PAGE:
What finally imploded my suspension of disbelief was the clean thermonuclear weapons, built from helium-3 mined from the moon by AI-enhanced nanobots, and launched to the earth somehow, all without the factories or mass drivers under construction ever being detected by some amateur astronomer. . . oh, and by the way, how does such sophisticated AI ever come into being without triggering the Singularity or at least leaving some sort of trace on society, like surveillance tools that find the terrorists five minutes after they’ve hung up the phone. . . .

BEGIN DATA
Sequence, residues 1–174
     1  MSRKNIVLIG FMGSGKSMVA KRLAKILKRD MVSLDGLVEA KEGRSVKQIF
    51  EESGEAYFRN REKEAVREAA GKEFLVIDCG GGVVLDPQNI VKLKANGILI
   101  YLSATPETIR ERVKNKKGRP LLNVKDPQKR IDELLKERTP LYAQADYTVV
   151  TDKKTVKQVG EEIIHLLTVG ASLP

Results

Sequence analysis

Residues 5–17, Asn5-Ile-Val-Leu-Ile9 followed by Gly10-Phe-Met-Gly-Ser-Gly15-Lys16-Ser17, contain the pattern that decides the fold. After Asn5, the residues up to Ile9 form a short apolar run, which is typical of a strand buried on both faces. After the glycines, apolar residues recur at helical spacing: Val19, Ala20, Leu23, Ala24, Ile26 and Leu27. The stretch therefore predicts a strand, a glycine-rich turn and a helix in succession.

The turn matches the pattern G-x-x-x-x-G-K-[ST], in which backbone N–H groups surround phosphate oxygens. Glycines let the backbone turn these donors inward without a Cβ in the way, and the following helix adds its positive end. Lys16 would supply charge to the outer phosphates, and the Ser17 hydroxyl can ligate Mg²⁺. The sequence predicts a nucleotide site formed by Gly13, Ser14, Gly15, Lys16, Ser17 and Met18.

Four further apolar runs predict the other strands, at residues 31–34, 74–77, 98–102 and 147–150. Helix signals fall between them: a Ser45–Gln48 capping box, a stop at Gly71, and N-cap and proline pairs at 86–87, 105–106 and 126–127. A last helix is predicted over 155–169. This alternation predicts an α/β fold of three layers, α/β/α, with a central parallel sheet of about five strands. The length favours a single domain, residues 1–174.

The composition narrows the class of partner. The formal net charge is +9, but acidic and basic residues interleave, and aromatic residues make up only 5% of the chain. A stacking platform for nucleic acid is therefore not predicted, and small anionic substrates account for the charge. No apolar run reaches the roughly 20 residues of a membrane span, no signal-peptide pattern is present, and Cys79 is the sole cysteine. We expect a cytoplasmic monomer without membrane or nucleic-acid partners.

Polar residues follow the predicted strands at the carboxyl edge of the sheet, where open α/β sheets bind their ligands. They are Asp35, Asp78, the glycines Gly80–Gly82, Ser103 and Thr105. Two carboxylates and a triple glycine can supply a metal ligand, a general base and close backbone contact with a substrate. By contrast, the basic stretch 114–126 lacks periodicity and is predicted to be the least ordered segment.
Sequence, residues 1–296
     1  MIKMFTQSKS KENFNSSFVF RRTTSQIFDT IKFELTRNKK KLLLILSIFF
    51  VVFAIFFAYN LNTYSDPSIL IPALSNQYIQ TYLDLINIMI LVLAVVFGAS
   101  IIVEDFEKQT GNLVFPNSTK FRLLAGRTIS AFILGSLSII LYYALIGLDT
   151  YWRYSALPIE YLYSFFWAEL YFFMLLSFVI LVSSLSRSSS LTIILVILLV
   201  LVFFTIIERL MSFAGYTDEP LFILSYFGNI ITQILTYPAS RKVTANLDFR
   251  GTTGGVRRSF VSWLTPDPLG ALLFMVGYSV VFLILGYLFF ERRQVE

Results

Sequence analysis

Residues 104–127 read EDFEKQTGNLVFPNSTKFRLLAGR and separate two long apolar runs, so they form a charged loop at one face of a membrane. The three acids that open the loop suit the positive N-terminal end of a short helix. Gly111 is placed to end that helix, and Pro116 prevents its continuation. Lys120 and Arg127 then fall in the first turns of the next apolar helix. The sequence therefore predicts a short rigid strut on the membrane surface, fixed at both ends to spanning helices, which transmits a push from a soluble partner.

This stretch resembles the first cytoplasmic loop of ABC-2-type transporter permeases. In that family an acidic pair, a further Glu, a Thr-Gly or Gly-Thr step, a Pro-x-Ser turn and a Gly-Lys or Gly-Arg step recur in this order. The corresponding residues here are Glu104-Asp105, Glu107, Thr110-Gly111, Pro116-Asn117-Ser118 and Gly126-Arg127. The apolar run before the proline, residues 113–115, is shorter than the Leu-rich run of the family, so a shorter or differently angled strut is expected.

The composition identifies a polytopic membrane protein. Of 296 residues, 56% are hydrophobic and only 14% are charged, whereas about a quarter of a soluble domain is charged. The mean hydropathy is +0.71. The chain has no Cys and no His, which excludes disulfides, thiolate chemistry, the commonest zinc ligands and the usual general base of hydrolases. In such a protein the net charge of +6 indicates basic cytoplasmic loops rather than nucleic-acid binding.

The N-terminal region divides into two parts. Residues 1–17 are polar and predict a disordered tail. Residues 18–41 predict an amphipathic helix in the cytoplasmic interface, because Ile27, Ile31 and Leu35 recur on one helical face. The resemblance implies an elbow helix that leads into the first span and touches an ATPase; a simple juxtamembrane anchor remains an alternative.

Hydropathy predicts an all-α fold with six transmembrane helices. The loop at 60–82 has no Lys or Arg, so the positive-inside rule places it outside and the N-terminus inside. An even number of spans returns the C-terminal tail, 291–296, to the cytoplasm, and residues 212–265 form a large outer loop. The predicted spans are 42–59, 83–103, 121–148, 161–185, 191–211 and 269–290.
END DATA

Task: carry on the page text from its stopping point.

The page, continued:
I can’t get into the writer’s head on this one, but many of the plot elements, Daybreak, nanoswarm, biotes, the nukes, were MacGuffins brought into being solely to propel the story to its war, death, horror and destruction phase. Daybreak is still a nice story idea even though, for me, it’s been rendered poorly in these books. Barnes has a third book in the trilogy coming out, “The Last President”. While I might pick up other things he’s written, I’m going to pass on it. The Daybreak novels were zeroes for me.